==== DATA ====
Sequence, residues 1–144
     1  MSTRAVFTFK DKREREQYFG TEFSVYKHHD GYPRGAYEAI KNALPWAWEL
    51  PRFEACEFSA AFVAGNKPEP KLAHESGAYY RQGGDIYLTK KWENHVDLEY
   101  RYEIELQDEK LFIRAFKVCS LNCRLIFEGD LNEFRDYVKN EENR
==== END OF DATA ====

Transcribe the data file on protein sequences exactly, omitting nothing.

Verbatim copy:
Sequence, residues 1–144
     1  MSTRAVFTFK DKREREQYFG TEFSVYKHHD GYPRGAYEAI KNALPWAWEL
    51  PRFEACEFSA AFVAGNKPEP KLAHESGAYY RQGGDIYLTK KWENHVDLEY
   101  RYEIELQDEK LFIRAFKVCS LNCRLIFEGD LNEFRDYVKN EENR